Crikey! More Cheese than a Farmhouse Stilton.5/10
I have no idea what to make of Australia. It can't possibly be a serious movie, right? It certainly starts as a camp comedy, then lurches into a cliched action romance adventure, before descending into an attempt at World War Two melodrama and finishing with a dubious helping of Elgar over a rather uncomfortable attempt at serious social commentary. Elgar? I mean why? My dictionary defines a farrago as a confused mixture, a hodgepodge or medley. That sums up Australia perfectly, a farrago. It has no idea what it wants to be so it attempts to be everything to everyone and fails at almost all of it. You can only get away with this stuff if you are really clever and have a well honed sense of irony and your tongue kept firmly in your cheek. Australia is neither clever nor ironic enough, which is a pity, because I loved Moulin Rouge, but after watching The Man with One Noun, The Drover, send a band of wild horses galloping past the ranch house yet again for no discernible reason, I turned to my companion and said I thought Australia might be Bonanza meets Monty Python.
I'm sorry if this sounds cruel, but when this much money is thrown at a movie and it turns out to be this inadequate, I actually feel quite miffed. Had it cost $10M, it might be excusable. At $100M plus, it isn't. I never, ever thought I'd find myself saying this, but Nicole Kidman is probably the best thing in this film, and the reason for that is because Kidman is actually quite good on the camp level (see her in Moulin Rouge or Practical Magic) I have a problem with her as a serious actress (The Hours, Margot at the Wedding.) Had director Baz Luhrmann stuck at the camp tongue in cheek genre, we'd all have been better off. Instead he gets serious and we get a script in which - especially in the second half - every other line of dialog is a grating cliche and competing story threads lead to superficial treatments of what could, taken individually, be quite interesting plots. I will say upfront that I don't blame any of the actors, I think they all did a reasonable job given the material. I get the feeling that Kidman, Jackman, Wenham et al all took a deep breath, tightened their belts, firmed their jaws and said "OK, we've been paid for this, let's give it our best shot." There's an enthusiastic "let's put on the show in the barn" feel to the acting. Or maybe it's me?
The (multiple) stories: there's an aristocratic woman arriving in an alien hot land to take control of a ranch which was her husband's purchase (think Out of Africa but without Meryl Streep). There's a cattle drive across the Outback (again heavily borrowed from Out of Africa) and the criminally wasted diversion into the desert to try and find water, which could, if handled properly, have led to some quite interesting drama. The heroine can't have children (O of A again) and takes up with an attractively roguish man (Robert Redford / Hugh Jackman) while taking on responsibility for the Kikuyu/Aboriginals who inhabit her land because unlike 99.99% of the other white colonizers, she has a conscience - surprise surprise. There are aerial shots of the Australian Outback compare to the aerial shots of the Rift Valley in O of A - there's the pantomime villain Neil Fletcher played by David Wenham (apparently picking up where he left off in The Proposition playing an identical character, called Eden Fletcher is there some significance to the name that a non Australian doesn't get?) then we lurch into the bombing of Darwin and the rescue of the lost children. If there are movie awards for plagiarism, Australia is in the running. It's an understatement to say it lacks originality.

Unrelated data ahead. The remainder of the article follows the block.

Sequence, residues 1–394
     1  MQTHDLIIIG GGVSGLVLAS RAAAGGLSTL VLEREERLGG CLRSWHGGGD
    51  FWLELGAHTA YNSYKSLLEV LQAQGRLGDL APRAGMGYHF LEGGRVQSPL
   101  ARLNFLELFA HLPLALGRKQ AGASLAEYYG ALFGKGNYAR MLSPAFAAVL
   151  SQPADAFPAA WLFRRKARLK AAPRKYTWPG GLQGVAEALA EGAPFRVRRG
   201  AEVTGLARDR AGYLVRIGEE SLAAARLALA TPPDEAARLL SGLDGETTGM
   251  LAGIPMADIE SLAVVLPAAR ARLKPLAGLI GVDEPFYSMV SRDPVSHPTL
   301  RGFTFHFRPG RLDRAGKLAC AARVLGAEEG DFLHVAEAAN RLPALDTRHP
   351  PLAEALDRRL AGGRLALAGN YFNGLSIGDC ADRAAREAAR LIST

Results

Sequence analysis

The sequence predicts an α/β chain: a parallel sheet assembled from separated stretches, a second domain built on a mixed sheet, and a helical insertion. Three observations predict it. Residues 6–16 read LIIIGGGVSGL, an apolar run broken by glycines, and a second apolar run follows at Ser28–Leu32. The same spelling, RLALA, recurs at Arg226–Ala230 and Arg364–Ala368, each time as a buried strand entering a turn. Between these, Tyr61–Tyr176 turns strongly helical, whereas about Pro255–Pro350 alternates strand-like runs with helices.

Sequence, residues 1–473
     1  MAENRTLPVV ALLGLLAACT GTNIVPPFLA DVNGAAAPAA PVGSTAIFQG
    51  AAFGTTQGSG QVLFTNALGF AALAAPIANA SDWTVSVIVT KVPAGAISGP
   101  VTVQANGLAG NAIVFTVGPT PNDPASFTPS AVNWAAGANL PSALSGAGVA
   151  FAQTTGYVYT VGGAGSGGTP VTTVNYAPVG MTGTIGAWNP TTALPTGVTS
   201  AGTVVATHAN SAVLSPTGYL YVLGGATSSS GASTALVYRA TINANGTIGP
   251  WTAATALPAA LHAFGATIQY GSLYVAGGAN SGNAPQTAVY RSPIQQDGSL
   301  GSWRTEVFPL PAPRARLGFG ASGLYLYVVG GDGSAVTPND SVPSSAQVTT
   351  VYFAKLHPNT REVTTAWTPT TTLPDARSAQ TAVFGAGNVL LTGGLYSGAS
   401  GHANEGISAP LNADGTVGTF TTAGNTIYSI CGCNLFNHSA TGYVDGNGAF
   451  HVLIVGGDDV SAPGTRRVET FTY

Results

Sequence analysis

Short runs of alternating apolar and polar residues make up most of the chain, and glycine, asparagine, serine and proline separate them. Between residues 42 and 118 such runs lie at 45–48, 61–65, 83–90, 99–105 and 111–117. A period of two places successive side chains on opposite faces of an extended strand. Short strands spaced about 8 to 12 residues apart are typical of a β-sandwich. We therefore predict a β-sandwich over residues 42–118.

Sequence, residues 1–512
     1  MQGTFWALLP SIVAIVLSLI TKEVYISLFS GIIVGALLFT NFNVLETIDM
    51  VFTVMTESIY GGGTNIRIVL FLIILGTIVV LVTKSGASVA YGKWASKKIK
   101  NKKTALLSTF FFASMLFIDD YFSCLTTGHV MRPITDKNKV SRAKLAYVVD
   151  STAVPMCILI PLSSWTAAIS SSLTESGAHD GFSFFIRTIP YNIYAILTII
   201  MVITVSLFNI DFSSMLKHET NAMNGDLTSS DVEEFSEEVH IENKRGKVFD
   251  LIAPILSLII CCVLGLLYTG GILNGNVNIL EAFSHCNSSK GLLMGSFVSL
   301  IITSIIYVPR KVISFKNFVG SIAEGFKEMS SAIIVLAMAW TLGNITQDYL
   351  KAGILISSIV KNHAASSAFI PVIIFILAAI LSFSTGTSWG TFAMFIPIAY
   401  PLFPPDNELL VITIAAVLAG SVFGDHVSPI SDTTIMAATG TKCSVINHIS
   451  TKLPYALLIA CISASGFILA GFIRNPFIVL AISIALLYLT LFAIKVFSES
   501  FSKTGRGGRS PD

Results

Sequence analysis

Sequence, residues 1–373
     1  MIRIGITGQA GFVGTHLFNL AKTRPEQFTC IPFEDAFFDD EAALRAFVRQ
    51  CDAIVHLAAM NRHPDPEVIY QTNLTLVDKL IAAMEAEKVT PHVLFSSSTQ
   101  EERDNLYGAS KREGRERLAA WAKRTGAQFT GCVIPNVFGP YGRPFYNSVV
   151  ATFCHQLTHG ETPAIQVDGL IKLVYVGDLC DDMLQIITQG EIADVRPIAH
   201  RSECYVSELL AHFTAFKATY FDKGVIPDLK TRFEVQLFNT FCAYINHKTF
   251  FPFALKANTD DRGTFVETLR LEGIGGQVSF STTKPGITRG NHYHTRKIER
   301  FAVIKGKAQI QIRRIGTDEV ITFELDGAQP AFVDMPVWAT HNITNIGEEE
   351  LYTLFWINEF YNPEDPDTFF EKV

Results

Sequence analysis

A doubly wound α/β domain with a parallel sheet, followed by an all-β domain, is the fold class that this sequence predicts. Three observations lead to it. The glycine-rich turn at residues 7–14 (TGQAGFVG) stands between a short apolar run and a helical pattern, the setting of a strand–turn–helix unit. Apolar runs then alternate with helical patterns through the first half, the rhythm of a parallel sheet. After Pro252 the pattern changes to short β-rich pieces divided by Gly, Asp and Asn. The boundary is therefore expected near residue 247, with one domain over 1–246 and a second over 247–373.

It's also far, far too long, falling into a genre I'm beginning to call the 'Depends' movie, after the adult diapers required to sit through it - especially necessary when you realize that the only really acceptable way to watch Australia is after several drinks. Combine this with CGI which barely attempts to blend into the live action, an almost unbearably cute kid (Brandon Walters is heart melting) plus a cast which features every Australian actor who's graduated drama school since WW2, and what exactly is this movie supposed to be? Even as an advert for the Aussie tourist industry I doubt it works as well as The Proposition, which had better shots of dramatic Outback scenery. And how many visitors go to the Northern Territories to watch cattle droves? If Luhrmann really did edit this down from many more hours of film, then possibly he can re-issue a director's cut which works better. I see it working as a musical, along the lines of Moulin Rouge. The corn is certainly as high as a kangaroo's eye.
I went with a (female) friend who is a Hugh Jackman fan and I will, if cornered, admit to being a closet David Wenham groupie, so we were well primed to enjoy this, two girlies on a Friday night out - probably the target audience. But even Jackman taking his shirt off couldn't save it (and believe me, I've seen other movies where a Jackman shirt removal certainly did save the day.) I have no idea how much they paid David Wenham to make this, but it probably wasn't enough. It's not as bad as their other foray together, Van Helsing, but that's not saying much. And OK, the costumes were pretty. But the rest? Oh dear. Oh dear. Oh dear